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US industry starts to create more jobs

(Agencies) Updated: 2015-01-14 14:18

US industry starts to create more jobs

A robot moves a 2015 Ford Motor Co F150 pickup onto the production line at the company's Dearborn Truck Assembly facility in Dearborn, Michigan, US in November. [Photo/Agencies]

Recession, robots and demographic changes lead to the current situation which is surprising many

Month after month, US hiring keeps rising, and unemployment keeps falling. Eventually, pay and inflation are supposed to start surging in response.

They're not happening.

In December, employers added a healthy 252,000 jobs-ending the best year of hiring since 1999-and the unemployment rate sank to 5.6 percent from 5.8 percent. Yet inflation isn't managing to reach even the Federal Reserve's 2 percent target rate. And paychecks are barely budging. Average hourly pay actually fell last month.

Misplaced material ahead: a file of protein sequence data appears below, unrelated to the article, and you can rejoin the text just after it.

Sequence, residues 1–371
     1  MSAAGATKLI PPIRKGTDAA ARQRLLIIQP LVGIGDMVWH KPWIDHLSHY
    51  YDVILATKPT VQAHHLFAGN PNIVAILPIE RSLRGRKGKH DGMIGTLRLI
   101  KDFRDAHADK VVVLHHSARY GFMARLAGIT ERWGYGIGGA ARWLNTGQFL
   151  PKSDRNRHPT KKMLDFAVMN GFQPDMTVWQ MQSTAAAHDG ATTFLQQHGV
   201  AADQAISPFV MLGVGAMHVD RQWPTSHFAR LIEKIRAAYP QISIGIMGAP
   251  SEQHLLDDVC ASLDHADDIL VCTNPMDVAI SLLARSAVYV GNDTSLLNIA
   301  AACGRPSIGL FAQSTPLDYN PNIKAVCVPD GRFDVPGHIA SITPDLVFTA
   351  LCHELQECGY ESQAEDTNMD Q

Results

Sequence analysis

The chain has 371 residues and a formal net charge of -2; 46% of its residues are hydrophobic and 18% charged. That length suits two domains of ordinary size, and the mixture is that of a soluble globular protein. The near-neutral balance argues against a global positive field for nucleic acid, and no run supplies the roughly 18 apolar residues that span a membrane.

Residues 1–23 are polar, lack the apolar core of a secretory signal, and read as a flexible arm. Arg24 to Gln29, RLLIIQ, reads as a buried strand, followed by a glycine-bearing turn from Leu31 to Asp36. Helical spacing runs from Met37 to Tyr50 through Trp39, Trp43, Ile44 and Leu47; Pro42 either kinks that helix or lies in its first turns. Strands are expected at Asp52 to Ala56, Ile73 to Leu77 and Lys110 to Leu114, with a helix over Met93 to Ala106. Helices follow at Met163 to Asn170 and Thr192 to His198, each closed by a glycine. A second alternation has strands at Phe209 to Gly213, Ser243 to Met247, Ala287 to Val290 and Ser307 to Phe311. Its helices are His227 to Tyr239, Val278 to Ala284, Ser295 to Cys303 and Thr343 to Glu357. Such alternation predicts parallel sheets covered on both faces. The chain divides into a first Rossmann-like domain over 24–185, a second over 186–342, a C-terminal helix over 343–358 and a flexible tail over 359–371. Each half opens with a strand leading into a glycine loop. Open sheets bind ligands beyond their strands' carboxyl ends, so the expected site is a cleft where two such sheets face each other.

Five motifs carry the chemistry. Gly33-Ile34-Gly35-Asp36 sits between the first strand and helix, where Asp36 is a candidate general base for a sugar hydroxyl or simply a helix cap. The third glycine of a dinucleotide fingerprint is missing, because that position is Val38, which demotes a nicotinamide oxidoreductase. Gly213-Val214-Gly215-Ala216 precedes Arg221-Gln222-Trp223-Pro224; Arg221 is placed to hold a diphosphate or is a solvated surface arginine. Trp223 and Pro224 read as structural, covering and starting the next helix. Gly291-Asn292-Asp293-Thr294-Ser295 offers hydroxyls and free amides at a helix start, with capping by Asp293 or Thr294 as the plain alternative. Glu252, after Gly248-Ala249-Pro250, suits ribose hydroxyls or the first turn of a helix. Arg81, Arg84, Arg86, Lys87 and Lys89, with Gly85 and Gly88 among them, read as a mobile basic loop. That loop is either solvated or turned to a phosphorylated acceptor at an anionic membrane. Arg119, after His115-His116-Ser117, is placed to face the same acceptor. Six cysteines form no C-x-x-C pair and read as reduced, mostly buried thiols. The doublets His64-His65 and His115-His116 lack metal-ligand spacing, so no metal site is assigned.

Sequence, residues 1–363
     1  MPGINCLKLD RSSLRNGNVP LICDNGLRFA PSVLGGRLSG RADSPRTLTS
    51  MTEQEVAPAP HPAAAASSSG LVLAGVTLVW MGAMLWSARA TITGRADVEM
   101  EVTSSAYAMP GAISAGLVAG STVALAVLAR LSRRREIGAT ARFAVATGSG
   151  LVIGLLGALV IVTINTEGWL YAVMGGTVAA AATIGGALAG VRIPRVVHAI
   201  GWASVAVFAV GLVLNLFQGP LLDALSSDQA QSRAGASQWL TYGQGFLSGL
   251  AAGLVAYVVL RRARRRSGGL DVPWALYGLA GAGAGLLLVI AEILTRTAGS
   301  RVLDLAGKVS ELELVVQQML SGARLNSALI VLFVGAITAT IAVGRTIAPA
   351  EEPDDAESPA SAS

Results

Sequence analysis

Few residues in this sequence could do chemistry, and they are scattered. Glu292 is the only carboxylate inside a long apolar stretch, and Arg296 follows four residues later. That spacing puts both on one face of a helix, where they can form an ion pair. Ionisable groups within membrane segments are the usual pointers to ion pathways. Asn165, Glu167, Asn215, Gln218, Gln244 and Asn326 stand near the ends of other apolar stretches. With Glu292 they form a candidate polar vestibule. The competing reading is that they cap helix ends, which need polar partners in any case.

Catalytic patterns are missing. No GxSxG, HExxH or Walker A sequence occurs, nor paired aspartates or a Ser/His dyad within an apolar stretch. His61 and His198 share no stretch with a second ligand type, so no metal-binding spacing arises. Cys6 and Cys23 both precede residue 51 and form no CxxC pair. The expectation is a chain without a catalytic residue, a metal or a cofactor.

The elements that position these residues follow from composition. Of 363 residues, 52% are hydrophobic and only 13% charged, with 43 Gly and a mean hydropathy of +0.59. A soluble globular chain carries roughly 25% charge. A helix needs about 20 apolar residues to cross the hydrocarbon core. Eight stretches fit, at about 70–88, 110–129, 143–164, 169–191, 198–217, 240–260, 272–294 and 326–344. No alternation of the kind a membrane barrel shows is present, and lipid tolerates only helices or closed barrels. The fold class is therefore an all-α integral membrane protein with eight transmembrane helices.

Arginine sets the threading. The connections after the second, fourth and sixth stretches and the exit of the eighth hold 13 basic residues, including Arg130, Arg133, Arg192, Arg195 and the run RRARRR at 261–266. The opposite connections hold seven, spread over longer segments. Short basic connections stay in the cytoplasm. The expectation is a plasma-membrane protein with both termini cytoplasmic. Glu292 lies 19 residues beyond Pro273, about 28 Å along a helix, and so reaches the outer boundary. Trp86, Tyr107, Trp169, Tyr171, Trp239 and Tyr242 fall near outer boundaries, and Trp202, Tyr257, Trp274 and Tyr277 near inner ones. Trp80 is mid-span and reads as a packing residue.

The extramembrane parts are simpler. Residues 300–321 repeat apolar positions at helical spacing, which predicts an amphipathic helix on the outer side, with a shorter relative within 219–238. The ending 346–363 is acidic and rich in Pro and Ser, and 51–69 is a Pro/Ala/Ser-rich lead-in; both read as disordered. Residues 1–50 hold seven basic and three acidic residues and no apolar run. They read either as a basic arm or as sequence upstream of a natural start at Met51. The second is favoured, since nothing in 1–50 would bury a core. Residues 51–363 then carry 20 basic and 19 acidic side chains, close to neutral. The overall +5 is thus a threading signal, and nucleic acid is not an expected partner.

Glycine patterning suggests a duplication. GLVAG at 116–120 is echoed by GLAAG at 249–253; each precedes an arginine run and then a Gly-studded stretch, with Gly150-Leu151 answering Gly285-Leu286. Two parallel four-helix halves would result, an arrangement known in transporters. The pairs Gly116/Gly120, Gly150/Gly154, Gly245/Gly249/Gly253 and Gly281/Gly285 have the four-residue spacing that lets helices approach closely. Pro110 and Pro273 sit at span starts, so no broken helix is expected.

Economists are struggling to explain the phenomenon.

"I can't find a plausible empirical or theoretical explanation for why hourly wages would drop when for nine months we've been adding jobs at a robust pace," said Patrick O'Keefe, chief economist at consulting firm CohnReznick.

Normally, with unemployment this low, the Fed would raise its benchmark interest rate to prevent inflation from spiking and the economy from overheating. Not this time. Though the Fed's record-low rates have helped support the economy since the 2008 financial crisis, those low rates haven't met their other goal of raising wages and inflation to normal levels.

When the US economy last enjoyed a similar hiring binge, in 1999, average wages climbed 3.6 percent, compared with 1.6 percent last year, according to the government.

Four crucial factors may explain consistently solid job growth without inflation:

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